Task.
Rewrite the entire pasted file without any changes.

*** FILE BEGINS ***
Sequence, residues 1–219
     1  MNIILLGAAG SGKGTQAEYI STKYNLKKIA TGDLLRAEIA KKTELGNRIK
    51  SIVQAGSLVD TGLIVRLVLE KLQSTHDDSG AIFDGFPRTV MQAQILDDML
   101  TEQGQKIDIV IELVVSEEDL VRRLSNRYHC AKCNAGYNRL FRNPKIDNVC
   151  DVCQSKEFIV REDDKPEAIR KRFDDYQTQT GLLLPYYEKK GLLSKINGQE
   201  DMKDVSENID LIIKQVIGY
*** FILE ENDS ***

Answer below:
Sequence, residues 1–219
     1  MNIILLGAAG SGKGTQAEYI STKYNLKKIA TGDLLRAEIA KKTELGNRIK
    51  SIVQAGSLVD TGLIVRLVLE KLQSTHDDSG AIFDGFPRTV MQAQILDDML
   101  TEQGQKIDIV IELVVSEEDL VRRLSNRYHC AKCNAGYNRL FRNPKIDNVC
   151  DVCQSKEFIV REDDKPEAIR KRFDDYQTQT GLLLPYYEKK GLLSKINGQE
   201  DMKDVSENID LIIKQVIGY